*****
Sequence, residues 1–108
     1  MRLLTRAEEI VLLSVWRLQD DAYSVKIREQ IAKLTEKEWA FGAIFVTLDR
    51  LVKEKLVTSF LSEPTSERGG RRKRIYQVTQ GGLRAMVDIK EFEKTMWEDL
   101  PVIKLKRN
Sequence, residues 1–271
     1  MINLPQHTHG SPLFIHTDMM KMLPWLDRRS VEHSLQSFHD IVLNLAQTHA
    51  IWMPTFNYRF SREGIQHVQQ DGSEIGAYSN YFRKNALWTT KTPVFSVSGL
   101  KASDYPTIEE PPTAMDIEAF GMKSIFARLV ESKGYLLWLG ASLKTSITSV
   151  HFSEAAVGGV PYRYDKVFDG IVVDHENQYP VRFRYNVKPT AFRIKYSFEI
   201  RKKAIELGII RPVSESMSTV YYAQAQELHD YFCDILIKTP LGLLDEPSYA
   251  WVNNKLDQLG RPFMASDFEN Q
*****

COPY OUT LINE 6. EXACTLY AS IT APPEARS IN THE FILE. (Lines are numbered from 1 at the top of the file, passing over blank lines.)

     1  MINLPQHTHG SPLFIHTDMM KMLPWLDRRS VEHSLQSFHD IVLNLAQTHA